What One Hundred Years of Theft Has Done to the Average American WorkerSubmitted by nolongerperplexed on Sun, 06/16/2013 - 21:35
Many Americans find that they can no longer afford their lives. There are many reasons why this is so, but "Localism, A Philospophy of Government" considers as first among them that Americans are being systematically stripped of their wealth by a monetary system which was designed for that very purpose.
That's why we can't afford our lives anymore. The average American worker is getting poorer because the people who designed the financial system used in this country designed it so that the wealth created by by those workers will be siphoned out of the dollars earned by those workers and stuck into new dollars created out of thin air by those who run the system. They designed it so that the average American worker would be stupid not to borrow- until the time came when they would be stupid to be in debt, and only those running the system could 1) get advance notice of when that switch would be flipped and 2) get special protection at the expense of the unprotected working class, so that the banksters would not have to suffer the consequences for their bad bets.
When this system, known as the Federal Reserve System, was first set up in 1913, they could siphon off only a little of this wealth. Over time, as they increasingly separated the dollar from the accountability and restraint of being linked to gold (or silver), the amount of theft they could get away with increased. Once they severed the last link to real money (money metals) in the 1970s they also accelerated the amount of theft.
With the announcement of "QE to Infinity", the open theft of value from the American worker into the clutches of the ruling elites has gone into hyper-drive. Most parasites are careful not to suck so much life-blood from their host that the host dies. The exception to this rule is when it becomes clear to the parasites that the host is going to die, at which point their best play is to accelerate their activities and get as much as they can before the death of the host. Is this where we are now? The big banks are sure acting like it.
In order to help quantify the amount of theft which occurs to each and every American worker each and every year, Zerohedge produced this infographic. But the infographic does not tell the real story. For example, it shows the average American worker in 1913 making $800 dollars a year vs. $26,364 now. But without adjusting for loss of purchasing power, we don't know if that worker is better off or worse off.
Consider that in 1913 the official exchange rate for one ounce of gold was $20.62. But that was the official rate, which included the seniorage value of U.S. coin. The spot price of gold at that time was $18.92, the same price it had been within a penny or two for many decades. Today the spot price of gold, even though we are at a recent low point, is $1390 per ounce. That means by the measuring stick of gold, each dollar in 1913 equals 1390/18.92= 73.47 of today's dollars.
Using that factor, we find that $800 of salary or wages in 1913 equaled 800 x 73.47 = $58,776 in today's dollars. And that is with the price of gold at a low spot, many believe due to government manipulation. The price of gold was recently very near $2,000 an ounce before it was relentlessly beaten down in the paper gold markets. Using that rate, the average worker made what amounted to $84,000 in today's dollars.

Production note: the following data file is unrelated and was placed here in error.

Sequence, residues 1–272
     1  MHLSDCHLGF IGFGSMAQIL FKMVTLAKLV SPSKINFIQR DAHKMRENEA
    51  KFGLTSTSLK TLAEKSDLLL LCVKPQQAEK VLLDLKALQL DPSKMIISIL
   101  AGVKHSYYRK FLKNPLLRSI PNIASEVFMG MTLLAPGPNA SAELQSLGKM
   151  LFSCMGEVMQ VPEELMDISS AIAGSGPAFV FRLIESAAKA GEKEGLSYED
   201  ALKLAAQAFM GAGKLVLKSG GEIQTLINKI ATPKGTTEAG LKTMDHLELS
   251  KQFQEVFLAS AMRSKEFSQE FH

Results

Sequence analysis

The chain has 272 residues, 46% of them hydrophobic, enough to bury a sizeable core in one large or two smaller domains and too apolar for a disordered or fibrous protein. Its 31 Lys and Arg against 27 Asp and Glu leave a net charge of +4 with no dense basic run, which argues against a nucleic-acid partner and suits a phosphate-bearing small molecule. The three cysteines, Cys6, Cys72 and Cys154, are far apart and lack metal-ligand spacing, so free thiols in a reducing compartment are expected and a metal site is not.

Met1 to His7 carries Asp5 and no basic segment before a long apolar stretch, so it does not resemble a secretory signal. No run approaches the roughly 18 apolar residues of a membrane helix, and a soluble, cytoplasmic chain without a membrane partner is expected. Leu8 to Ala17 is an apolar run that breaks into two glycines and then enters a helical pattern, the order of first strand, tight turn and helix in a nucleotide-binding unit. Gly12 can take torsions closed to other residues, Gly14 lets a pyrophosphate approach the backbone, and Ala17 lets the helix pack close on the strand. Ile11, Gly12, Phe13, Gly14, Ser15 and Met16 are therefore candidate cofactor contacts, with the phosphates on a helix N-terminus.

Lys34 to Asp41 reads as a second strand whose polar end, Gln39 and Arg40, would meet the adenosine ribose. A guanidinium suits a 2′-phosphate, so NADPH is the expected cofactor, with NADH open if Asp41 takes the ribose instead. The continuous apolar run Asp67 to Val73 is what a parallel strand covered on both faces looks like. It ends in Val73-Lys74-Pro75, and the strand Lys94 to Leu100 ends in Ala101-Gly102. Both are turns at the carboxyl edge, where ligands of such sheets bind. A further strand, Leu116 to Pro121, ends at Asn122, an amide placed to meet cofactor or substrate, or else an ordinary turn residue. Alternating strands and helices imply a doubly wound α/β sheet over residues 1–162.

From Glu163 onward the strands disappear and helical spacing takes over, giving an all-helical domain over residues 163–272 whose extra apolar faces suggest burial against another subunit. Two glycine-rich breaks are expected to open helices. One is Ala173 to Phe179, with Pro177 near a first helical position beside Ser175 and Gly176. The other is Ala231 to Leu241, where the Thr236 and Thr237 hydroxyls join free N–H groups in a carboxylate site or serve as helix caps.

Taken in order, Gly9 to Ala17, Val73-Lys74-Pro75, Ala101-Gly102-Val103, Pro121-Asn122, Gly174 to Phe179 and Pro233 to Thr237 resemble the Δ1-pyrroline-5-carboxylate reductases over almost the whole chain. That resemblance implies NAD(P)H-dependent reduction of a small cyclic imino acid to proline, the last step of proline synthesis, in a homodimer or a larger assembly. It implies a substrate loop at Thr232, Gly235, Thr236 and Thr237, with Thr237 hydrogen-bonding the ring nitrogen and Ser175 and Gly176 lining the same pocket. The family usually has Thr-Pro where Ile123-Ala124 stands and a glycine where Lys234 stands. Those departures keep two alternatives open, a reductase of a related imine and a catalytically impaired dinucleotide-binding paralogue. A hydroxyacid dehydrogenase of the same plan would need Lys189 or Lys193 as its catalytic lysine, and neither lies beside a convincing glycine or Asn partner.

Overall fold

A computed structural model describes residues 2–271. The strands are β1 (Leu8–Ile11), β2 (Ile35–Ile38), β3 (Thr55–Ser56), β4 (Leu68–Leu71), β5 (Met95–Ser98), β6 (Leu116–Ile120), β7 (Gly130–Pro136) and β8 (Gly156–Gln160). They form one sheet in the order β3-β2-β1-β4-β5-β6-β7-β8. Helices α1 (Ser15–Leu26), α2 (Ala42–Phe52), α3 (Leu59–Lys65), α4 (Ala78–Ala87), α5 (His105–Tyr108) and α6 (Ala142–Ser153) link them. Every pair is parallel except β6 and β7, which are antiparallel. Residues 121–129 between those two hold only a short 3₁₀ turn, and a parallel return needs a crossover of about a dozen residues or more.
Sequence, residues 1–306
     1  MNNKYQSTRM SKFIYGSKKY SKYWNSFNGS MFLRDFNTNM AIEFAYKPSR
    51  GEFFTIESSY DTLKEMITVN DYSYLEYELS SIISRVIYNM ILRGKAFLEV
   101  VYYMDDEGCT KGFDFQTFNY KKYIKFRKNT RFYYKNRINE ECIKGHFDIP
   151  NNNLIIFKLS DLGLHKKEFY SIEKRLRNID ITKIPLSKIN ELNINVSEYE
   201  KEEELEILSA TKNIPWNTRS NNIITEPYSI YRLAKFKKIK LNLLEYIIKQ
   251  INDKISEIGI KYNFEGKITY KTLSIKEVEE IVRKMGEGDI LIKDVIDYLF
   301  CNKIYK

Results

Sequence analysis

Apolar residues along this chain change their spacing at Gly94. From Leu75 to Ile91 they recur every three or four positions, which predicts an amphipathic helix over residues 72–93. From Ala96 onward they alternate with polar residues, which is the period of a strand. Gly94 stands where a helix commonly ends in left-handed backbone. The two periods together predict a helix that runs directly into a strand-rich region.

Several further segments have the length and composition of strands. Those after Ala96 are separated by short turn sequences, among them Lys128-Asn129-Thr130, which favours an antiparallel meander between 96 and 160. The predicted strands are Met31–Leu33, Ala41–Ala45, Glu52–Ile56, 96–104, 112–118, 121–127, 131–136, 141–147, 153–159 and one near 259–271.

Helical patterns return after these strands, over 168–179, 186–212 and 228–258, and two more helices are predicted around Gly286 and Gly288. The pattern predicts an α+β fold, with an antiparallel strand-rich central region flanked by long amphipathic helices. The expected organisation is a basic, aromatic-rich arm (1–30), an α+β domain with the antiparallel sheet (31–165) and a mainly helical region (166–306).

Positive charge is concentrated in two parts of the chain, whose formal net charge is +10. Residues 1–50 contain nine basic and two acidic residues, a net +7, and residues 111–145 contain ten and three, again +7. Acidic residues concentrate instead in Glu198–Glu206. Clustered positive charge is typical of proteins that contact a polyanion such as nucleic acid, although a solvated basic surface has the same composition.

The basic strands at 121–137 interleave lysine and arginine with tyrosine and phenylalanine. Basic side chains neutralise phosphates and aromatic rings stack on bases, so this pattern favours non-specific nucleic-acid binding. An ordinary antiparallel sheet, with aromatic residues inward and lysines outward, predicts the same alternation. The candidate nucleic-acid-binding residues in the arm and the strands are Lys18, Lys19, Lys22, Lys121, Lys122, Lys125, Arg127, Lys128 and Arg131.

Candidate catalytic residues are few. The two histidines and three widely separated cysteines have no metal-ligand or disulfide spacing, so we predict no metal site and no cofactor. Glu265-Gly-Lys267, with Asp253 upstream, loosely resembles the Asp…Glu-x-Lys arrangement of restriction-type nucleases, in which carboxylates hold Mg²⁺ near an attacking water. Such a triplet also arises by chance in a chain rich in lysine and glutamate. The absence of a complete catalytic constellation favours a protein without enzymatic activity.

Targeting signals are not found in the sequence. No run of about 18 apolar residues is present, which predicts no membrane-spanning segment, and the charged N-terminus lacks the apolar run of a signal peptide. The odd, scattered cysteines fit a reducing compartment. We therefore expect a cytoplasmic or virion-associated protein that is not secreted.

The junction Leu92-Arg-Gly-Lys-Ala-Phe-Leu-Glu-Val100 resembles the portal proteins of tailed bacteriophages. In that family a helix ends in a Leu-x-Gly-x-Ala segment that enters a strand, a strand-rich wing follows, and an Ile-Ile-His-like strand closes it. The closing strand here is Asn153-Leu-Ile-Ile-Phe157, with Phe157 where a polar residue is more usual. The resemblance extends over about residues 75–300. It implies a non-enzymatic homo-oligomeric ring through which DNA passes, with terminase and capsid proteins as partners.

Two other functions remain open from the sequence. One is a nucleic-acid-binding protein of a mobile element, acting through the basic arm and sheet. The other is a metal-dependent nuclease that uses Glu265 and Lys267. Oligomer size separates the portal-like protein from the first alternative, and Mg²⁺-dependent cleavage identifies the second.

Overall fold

The obvious conclusion is that the average American worker today has less than half of the purchasing power of their forebears only a century ago. And that was at a time when their was no income tax. Sure, average workers don't pay income tax now, but if they every broke out to making above-average earnings, they would face punitive taxes on their income.
Another thing they did not have in 1913 was large amounts of debt, either personal or governmental. Various calculations have been made to figure the per person amount of national debt, but most calculations put the number at around $57,000 per person. So not only are our earnings that much lower in real terms, but even the degree of prosperity we appear to have is an illusion, pumped up by massive amounts of debt which will reduce our prosperity if and when they are paid back. As stressed as we are right now, we would be more stressed if a trillion dollars of essentially hot checks from the government were not producing a temporary illusion of a somewhat functional economy.
And our forebears did not have to wait until they were 23 years old with $30,000 of college loans to start earning money either. Less than three percent of the population has a college degree. They used apprenticeships and did not need a college degree, or the debt which comes with it, to find high paying jobs. Indeed, the majority did not even complete high school. The balance between labor and capital has been radically tilted toward capital due to immigration (legal and illegal) policies and practices. It was not that American manufacturing could not afford to pay high wages, it was that they could not afford to let those who run the financial system skim the wealth and still afford to pay high wages.
Compared to our forebears from a century ago, American workers are underpaid, over debted, over taxed, and forced to jump through many more formal educational hoops. The solutions are not complicated, they are just hard. We have to make serious changes to our financial system, not to create something new, but to return to the limited-government model that worked so well for America in the past. What we have to do that is new is erect new barriers to the centralization of political and financial power which caused the country to lose its favorable initial conditions of freedom and opportunity.